Huneker, James Gibbons

Huneker, James Gibbons

(hŭn`ĭkər), 1860–1921, American essayist and music critic, b. Philadelphia. The originality and pungency of his style and the soundness of his criticism made him one of the most important critics of his time. He was music, art, and drama critic for the New York Sun (1902–17), then music critic for the Times (1917–19), and later for the World (from 1919 until his death). He also wrote several books.

Bibliography

See his Letters (1922) and Intimate Letters (1924).

Huneker, James Gibbons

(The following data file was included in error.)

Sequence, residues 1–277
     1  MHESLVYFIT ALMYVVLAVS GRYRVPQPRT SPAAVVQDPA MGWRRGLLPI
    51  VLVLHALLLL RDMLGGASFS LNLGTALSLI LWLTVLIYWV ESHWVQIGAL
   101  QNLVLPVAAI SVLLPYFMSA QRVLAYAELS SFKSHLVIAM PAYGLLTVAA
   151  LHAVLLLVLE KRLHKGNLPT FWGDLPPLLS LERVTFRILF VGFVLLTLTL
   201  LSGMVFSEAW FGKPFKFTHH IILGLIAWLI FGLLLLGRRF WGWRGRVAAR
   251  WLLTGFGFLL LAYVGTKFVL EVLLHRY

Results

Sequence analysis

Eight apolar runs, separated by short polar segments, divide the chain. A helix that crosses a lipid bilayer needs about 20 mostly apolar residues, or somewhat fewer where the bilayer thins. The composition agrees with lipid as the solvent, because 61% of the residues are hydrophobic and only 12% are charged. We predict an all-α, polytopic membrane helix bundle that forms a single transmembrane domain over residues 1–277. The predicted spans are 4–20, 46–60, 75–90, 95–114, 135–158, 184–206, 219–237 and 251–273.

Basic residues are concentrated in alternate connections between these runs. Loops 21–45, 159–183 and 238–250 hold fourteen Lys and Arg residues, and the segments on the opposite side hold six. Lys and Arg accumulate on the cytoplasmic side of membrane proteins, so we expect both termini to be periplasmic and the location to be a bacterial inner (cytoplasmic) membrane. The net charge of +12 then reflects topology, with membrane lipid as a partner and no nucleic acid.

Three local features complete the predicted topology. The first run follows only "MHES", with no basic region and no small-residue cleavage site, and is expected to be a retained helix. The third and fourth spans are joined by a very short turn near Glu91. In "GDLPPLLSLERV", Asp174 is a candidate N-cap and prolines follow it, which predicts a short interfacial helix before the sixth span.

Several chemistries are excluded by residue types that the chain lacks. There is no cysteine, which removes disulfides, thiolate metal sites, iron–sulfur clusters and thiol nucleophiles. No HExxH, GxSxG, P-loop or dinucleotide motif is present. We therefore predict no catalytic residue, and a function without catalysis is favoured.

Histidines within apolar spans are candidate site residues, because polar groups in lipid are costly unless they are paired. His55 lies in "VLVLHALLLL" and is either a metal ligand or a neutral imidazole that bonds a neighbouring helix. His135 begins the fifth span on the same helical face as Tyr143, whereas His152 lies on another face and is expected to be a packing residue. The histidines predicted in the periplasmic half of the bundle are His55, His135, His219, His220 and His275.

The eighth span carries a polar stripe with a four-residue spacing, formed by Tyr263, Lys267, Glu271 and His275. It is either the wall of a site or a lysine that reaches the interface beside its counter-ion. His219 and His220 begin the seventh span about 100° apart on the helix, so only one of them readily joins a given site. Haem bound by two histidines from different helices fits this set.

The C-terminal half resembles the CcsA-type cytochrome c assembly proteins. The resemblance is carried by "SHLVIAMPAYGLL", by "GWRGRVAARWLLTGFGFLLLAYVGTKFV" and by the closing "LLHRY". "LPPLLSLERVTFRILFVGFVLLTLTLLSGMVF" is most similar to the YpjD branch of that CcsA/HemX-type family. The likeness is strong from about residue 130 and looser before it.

(1860–1921) critic, musician; born in Philadelphia. Switching from law to musical studies, he became a teacher at the National Conservatory of Music in New York City (1886–98). Meanwhile, in 1887 he had begun to write for the Musical Courier and he would continue to write for a series of newspapers and periodicals until his death, broadening his subjects to include drama, art, literature, and the cultural scene in general. He also published over a dozen books, including some serious studies of musicians such as Chopin: The Man and His Music (1900),—but mostly wide-ranging commentaries, such as Ivory, Apes and Peacocks (1915). In his day he was greatly admired for his keen wit, erudition, iconoclasm, and brilliant style—an American G. B. Shaw; but his tastes in art remained conservative and later generations found his prose old fashioned.
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